After relaunching the website a few weeks ago I’ve been concentrating on updating the database that creates the ChartBookWeekly and the associated books and that’s what I want to talk about now.
When I began to collect the UK charts (and it was the UK as I didn’t know about Billboard back then) it was on 28 August 1999. Geri Halliwell was number 1 (new at the top of course as almost all of them where at that point) but that wasn’t the reason I listened to the chart. I listened because I was bored.
I was 14. School holidays. Sunday afternoons dragged. I don’t play sports (sorry to those for whom it is but football isn’t my thing at all) and there was nothing to do. I was playing with dads old typewriter (I love Star Wars and for the special edition in 1997 they released script books of the films. I was a school librarian, convinced them to get the books and then borrowed them for the summer break to learn it all – read copy on dads old typewriter – I can still recite almost all the dialogue from each of the original three films). I got fed up typing Star Wars (on page 2…) and put Radio 1 on.
I heard Mark Goodier. I heard Groove Armada “At The River” (down five places to number 40) and was hooked. S Club 7. Steps. Shania Twain. ATB. Travis. Five. Ricky Martin. Texas. I loved the songs. Still do. But then you never forget your first time you get hooked on something.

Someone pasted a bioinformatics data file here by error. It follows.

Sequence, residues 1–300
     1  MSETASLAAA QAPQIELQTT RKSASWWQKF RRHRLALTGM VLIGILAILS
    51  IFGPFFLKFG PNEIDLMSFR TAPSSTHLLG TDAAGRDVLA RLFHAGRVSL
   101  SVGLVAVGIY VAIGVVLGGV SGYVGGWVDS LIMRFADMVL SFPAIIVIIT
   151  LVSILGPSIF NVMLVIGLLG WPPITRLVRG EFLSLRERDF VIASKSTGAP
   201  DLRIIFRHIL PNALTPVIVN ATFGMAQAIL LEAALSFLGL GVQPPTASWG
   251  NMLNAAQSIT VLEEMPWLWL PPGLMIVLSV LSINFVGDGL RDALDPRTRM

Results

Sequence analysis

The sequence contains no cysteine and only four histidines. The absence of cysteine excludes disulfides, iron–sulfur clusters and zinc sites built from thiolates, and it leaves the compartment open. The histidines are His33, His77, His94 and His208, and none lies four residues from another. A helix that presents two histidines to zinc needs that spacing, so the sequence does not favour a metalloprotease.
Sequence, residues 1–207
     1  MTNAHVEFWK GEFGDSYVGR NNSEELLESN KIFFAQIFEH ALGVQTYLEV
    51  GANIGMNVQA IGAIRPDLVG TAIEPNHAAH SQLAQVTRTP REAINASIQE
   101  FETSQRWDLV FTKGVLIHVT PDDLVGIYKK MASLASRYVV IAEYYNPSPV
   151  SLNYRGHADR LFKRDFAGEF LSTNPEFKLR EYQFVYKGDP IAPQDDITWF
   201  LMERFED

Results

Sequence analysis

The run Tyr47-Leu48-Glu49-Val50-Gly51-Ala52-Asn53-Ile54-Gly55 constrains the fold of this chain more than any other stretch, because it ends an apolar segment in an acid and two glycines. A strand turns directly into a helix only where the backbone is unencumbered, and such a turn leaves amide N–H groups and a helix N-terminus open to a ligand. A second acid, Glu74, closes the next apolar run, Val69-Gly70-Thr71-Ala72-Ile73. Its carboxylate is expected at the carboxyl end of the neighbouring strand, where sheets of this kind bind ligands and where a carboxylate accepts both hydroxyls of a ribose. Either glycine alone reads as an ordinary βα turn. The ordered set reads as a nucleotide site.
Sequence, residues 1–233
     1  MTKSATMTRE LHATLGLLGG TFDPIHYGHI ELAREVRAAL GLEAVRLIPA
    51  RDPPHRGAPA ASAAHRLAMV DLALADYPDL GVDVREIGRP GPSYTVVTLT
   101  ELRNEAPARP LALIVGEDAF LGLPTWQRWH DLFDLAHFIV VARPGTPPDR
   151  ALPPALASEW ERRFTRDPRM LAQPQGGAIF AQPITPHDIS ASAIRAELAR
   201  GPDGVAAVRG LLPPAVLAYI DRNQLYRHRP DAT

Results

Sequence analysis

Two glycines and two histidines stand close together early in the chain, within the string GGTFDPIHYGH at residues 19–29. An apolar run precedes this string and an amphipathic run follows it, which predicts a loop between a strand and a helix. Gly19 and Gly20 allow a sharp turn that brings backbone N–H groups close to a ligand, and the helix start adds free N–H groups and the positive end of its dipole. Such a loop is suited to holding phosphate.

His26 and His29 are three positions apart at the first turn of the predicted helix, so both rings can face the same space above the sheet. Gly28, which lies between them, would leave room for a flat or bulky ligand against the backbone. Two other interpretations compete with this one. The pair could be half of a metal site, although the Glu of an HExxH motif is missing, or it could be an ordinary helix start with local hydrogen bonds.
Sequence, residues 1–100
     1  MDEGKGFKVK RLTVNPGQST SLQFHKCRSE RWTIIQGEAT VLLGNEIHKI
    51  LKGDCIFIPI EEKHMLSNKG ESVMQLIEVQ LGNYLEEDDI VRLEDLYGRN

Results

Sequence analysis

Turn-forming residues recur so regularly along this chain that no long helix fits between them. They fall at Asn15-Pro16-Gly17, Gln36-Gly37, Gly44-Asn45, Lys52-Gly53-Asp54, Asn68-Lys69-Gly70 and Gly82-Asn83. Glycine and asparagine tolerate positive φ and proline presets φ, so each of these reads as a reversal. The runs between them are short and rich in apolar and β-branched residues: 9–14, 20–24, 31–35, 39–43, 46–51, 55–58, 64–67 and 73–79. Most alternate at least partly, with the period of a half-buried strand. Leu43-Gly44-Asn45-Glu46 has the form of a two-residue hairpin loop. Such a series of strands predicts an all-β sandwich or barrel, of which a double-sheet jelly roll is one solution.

And I typed it all down.
At first the collection was hand written. Then it became hand written in massive notebooks a page for each week. And then I got my own desktop computer. I discovered Excel. Then in about 2001 I discovered Access databases. I haven’t looked back since.
I am self taught on Access, largely because we did not have internet until 2003 at home (when I started University). I copied charts from the internet (some amazing posters on forums helped a lot in sharing) and trips to London followed to look at the original paper copies as printed in the British Library.
The British Library is amazing. A copy of everything printed and all free to access. I devoured the issues of Music Week, NME, Disc, Billboard. All went in the database. I wanted timings, producers, composers, b-sides, all to make the most of the database. Then for albums I wanted tracks. Nobody was doing a book with album tracks. Guinness stopped the Hit Singles / Hit Albums books (the internet almost killing factual books of that sort) and I wanted to replace and do it better.
Now you can argue the merits of each book and some like one and some like the other but look at Joel Whitburn. His books for the US charts are the gold standard. Why doesn’t the UK have something equally as good?
I was explaining to my wife why I collect charts and she listened and then asked why I didn’t make books like Whitburn if I could. I thought. I wrote some code. I wrote some tables. I made a book. And that’s the first of the Decade Series if books. But after 18 months the database wasn’t up to it. So I needed a new one and that’s largely why no new books for a long time.
The new database was built with export in mind so that I can create the books here and also other things to share the collection. Over the years I’ve sunk a lot of money into the charts. Mostly to get full chart scans of each week so I can verify that the data is correct. It’s amazing how many errors creep in when data is copied from other books or positions are transposed. Either way mine are the most accurate (which is my goal) so hopefully that’s the case.
But it all began on a lazy Sunday afternoon. (Queue the Kinks)